Cave crickets are common in Little Wyandotte Cave and are occasionally seen in the bigger one. Snakes often eat these crickets.
It is challenging to spot blind cave fishes in the larger Wyandotte Caves as it remains dry most of the time, but one views them on rare occasions. The little cave is wetter, but still, it does not have any specimen of this species.
Download our Wyandotte Cave Guide (Unofficial) HERE:
Is Wyandotte Cave Haunted?
The Wyandotte Cave is, by no means, haunted, but as per the local folklore, the cave may be inhabited by the ghost of a counterfeiter who died in this cave.
How Big is Wyandotte Cave?
With almost 15 km of passageways on five levels, the Wyandotte Cave is the 5th longest cave in Indiana.
Wyandotte Cave Tours
The tour for the Little Wyandotte Cave lasts for 30 minutes. The Big Wyandotte Cave tour is for two hours. Since the temperature of both the caves hovers around 52 degrees F, it makes sense to bring a jacket. The main cave’s entrance is 200 ft long, and archaeologists believe that the Native Americans mined the caves to find resources for jewelry and tools. The Little Cave is known as Siberts Cave, and the Big Cave is known as Historic Cave.
If you love Nature, you will not be able to resist taking a look at both these caves. You will love the different geological formations found in the Little Cave and take a close look at the tallest stalagmite in the world in the Big Cave.
Wyandotte Cave Tour Prices and Discounts
The tour costs for the Little Wyandotte Cave are:
- USD 8 for adults
- USD 4 for kids aged 6 to 11 years,
- FREE for children under five years of age.
The tour charges for the Big Wyandotte Cave are:
- USD 18 for adults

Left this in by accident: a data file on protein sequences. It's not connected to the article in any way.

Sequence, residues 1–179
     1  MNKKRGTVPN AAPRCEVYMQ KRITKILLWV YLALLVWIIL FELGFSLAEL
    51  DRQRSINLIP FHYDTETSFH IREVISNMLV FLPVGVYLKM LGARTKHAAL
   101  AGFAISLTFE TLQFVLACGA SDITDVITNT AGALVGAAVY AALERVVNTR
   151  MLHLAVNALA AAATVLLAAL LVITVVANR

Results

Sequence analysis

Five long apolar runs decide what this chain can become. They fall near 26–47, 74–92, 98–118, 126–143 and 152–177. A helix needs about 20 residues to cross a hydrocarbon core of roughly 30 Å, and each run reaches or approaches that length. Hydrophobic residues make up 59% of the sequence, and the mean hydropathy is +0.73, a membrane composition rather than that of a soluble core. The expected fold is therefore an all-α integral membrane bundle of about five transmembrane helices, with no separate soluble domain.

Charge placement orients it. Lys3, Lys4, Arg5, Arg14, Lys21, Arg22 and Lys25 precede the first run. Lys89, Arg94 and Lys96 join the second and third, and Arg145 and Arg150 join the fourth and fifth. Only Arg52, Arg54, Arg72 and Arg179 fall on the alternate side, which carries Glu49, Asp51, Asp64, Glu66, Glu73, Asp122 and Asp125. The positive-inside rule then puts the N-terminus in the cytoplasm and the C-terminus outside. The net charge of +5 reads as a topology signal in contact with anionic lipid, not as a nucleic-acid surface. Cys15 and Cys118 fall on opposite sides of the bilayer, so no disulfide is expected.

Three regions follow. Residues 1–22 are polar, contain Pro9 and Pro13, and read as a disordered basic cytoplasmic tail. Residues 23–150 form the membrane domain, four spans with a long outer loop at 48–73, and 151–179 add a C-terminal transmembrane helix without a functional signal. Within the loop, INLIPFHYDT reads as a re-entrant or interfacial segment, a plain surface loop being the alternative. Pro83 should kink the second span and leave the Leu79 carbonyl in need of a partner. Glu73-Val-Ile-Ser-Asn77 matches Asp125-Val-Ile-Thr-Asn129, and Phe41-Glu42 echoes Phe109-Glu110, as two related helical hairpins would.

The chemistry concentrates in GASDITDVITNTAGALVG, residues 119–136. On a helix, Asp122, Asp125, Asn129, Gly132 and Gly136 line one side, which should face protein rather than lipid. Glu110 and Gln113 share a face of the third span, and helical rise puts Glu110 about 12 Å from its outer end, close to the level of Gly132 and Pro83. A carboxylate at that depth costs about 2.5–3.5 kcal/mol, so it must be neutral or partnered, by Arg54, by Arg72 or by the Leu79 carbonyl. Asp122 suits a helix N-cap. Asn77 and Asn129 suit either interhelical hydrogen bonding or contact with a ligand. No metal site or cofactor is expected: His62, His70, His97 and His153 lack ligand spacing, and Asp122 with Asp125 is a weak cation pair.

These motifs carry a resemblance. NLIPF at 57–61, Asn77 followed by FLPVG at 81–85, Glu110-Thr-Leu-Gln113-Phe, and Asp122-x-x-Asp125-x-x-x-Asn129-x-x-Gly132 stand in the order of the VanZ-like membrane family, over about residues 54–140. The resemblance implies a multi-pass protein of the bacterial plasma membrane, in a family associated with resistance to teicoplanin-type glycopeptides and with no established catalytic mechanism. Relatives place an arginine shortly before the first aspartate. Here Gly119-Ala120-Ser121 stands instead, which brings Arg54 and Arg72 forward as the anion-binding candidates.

- USD 9 for children aged 6 to 11 years.
Is Wyandotte Cave Cold?
The temperature in both the caves remains at an average of 52 degrees F.
What to Wear?
You can wear any comfortable clothing, but proper shoes are essential here. When you are touring the big cave, you will be walking across a rough decontamination surface, and for this, you should wear proper shoes.
Wyandotte Cave Hours
The cave is open for tours on Fridays, Saturdays, and Sundays. For the little cave, the tours start at 10 am, 11 am, 1 pm, and 2 pm, and tours for the big cave start at 11 am and 1 pm on Fridays, Saturdays, Sundays, and other holidays.
What to Do at Wyandotte Cave (Beside Tours)
After the tours are over, you can take a stroll along the banks of the Ohio River or check out the surroundings to have a look at the various wildlife present here.
Best Time to Visit Wyandotte Cave
The best time to visit Wyandotte is during summer as the tours are offered on the weekends.
How to Get to Wyandotte Cave
The cave is on the Ohio River in the Harrison-Crawford State Forest Crawford County. It is 5 miles northeast of Leavenworth and 12 miles from Croydon in Southern Indiana.
Hotels near Wyandotte Cave
There are some decent properties near Wyandotte Cave where you can put for the night, such as Hampton Inn, Sycamore Springs Park & Kintner House Inn.
Places To Stay Nearby
Visiting Wyandotte Cave
Do you need more information before visiting Wyandotte Cave? Call (812) 738 – 8232 for an information packet.